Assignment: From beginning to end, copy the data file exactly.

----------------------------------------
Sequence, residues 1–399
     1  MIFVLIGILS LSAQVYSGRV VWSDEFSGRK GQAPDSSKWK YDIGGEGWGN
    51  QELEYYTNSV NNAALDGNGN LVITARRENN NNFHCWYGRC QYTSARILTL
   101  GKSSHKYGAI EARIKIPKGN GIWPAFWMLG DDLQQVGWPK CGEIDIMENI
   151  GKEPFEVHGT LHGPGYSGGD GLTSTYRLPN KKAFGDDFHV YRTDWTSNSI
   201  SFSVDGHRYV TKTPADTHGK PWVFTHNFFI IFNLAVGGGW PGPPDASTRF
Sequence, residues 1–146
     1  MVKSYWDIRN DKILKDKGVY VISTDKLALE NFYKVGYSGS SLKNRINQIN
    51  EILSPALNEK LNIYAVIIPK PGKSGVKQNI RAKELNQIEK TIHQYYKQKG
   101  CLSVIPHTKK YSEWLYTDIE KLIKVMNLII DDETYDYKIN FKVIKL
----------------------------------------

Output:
Sequence, residues 1–399
     1  MIFVLIGILS LSAQVYSGRV VWSDEFSGRK GQAPDSSKWK YDIGGEGWGN
    51  QELEYYTNSV NNAALDGNGN LVITARRENN NNFHCWYGRC QYTSARILTL
   101  GKSSHKYGAI EARIKIPKGN GIWPAFWMLG DDLQQVGWPK CGEIDIMENI
   151  GKEPFEVHGT LHGPGYSGGD GLTSTYRLPN KKAFGDDFHV YRTDWTSNSI
   201  SFSVDGHRYV TKTPADTHGK PWVFTHNFFI IFNLAVGGGW PGPPDASTRF
Sequence, residues 1–146
     1  MVKSYWDIRN DKILKDKGVY VISTDKLALE NFYKVGYSGS SLKNRINQIN
    51  EILSPALNEK LNIYAVIIPK PGKSGVKQNI RAKELNQIEK TIHQYYKQKG
   101  CLSVIPHTKK YSEWLYTDIE KLIKVMNLII DDETYDYKIN FKVIKL